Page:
Former Hulu CEO Jason Kilar has an ambitious plan for transforming the way we think about online video. His new startup Vessel is taking some of the same basic concepts that were successful in getting people to pay to watch streaming versions of their favorite TV shows on Hulu and applying it to YouTube videos.
But hey, reinventing the digital video space isn’t cheap! There are all sorts of infrastructure costs, as well as all the serious sales and marketing that goes with trying to get people to pay for early access to videos they could otherwise get for free. And let’s not forget the costs that come with convincing creators to distribute videos on Vessel .
To help fund the expansion of its engineering team while also enabling it to acquire new content, Vessel has raised new funding from Institutional Venture Partners. The round was led by IVP general partner Todd Chaffee, who has made a number of media- and video-related investments, including Adobe, Akamai, Netflix, Twitter and Yahoo.
While Vessel isn’t formally announcing the amount raised, sources close to the company say the round closed out at $57.5 million. That comes on top of $77 million our sources confirmed the company raised last summer from investors that include Benchmark, Greylock and Bezos Expeditions.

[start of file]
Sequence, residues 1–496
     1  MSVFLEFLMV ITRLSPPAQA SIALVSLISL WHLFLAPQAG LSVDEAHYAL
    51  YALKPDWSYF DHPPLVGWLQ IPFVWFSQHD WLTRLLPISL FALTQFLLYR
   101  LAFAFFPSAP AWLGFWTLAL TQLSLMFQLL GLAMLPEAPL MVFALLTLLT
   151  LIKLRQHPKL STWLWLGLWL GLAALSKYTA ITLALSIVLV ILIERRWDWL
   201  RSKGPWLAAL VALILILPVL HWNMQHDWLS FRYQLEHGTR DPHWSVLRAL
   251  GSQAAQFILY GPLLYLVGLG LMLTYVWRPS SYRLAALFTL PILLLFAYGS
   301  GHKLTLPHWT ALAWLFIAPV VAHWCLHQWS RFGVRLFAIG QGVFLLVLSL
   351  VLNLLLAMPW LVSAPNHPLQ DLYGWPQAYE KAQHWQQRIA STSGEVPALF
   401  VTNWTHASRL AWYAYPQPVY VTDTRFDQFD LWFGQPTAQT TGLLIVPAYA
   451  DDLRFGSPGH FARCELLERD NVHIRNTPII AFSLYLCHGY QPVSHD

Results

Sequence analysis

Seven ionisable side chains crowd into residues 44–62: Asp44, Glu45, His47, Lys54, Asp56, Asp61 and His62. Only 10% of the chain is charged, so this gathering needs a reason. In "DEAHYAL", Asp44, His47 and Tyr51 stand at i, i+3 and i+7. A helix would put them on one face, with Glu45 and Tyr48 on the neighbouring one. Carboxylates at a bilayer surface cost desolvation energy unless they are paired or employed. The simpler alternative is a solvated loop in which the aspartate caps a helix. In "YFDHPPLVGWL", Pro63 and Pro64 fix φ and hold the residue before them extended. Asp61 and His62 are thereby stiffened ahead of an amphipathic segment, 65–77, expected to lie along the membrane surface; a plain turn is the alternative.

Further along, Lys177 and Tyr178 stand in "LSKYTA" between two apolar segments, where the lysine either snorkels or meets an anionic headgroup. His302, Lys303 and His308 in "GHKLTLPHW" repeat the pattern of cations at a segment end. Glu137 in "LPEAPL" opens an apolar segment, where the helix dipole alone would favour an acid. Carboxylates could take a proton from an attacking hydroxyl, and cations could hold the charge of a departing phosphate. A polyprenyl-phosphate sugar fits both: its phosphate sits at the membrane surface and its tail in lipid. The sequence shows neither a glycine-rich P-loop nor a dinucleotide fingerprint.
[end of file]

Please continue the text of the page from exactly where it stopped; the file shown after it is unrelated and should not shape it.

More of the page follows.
That’s a lot of money for a startup that’s pretty new to the scene, but the team is made up of a bunch of ex-Hulu execs who have done this before. That inspires a lot of confidence for investors, to be sure.
The company isn’t reporting any subscriber or viewership numbers — it’s too early for that! — but Vessel has had a fair amount of success signing up creators. It now has more than 175 creators on board, who have a combined audience of 200 million viewers on YouTube. If it can convert even a small number of those YouTube viewers over to its platform, it could make a tidy business of charging them $2.99 a month for early access to their favorite shows.